People tend to view Tinder users as untrustworthy, according to new research from Germany. But the study in Computers in Human Behavior suggests that this anti-Tinder effect wears off over time.
Though research has indicated that Tinder isn’t primarily used for casual sex, the dating platform still has a reputation as a “hook-up” app. The researchers behind the new study were interested in whether “being associated with an online dating platform with such a reputation might have an impact on how an individual is socially perceived.”
For their study, the researchers compared Tinder users to the users of another dating platform, called Parship. Facebook users were also included as a control condition.
An initial online survey of 223 participants found that Tinder users were rated as less trustworthy than Parship users, who in turn were rated as less trustworthy than Facebook users.
The researchers then had another 108 participants view purportedly real profiles of Tinder, Parship, and Facebook users and rate how trustworthy they perceived them to be. Replicating the previous results, the researchers found that individuals featured on Tinder profiles were considered less trustworthy than individuals featured on Parship and Facebook profiles.
“Our results converge with previous studies showing that individuals form rapid and effortless impressions about other individuals on the basis of minimal information,” the researchers wrote. However, they were interested in whether these first impressions would persist over time.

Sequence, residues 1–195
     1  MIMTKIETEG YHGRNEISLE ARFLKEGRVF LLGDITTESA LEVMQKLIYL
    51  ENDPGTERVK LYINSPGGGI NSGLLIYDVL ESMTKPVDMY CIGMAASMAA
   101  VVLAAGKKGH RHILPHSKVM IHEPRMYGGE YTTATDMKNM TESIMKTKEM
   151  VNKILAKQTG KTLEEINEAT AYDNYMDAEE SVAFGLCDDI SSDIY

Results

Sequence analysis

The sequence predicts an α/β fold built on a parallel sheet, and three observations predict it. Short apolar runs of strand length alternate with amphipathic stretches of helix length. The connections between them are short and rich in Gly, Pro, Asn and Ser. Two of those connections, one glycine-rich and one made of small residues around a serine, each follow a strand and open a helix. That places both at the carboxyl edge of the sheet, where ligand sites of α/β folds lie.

In two more studies, with 308 participants in total, the researchers examined whether the effect would be diluted after a short or long interval.
When there was a relatively short interval between viewing the profiles and the trustworthiness ratings, Tinder users were still rated as less trustworthy than Facebook users. But when there was 10-minute distraction between viewing the profiles and the trustworthiness ratings, Tinder users were not rated as significantly more or less trustworthy.
After the long interval, “the differences between the three online platforms were diluted and non-significant, clearly showing a temporal boundary condition of the adverse Tinder-effect,” the researchers explained.
The study — like all research — includes some limitations. For instance, the participants were entirely comprised of German university students, which could limit the generalizability of the findings.
The study, “The Tinder stamp: Perceived trustworthiness of online daters and its persistence in neutral contexts“, was authored by Rita R. Silva, Marie-Luise Koch, Kyra Rickers, Gabriel Kreuzer, and Sascha Topolinski.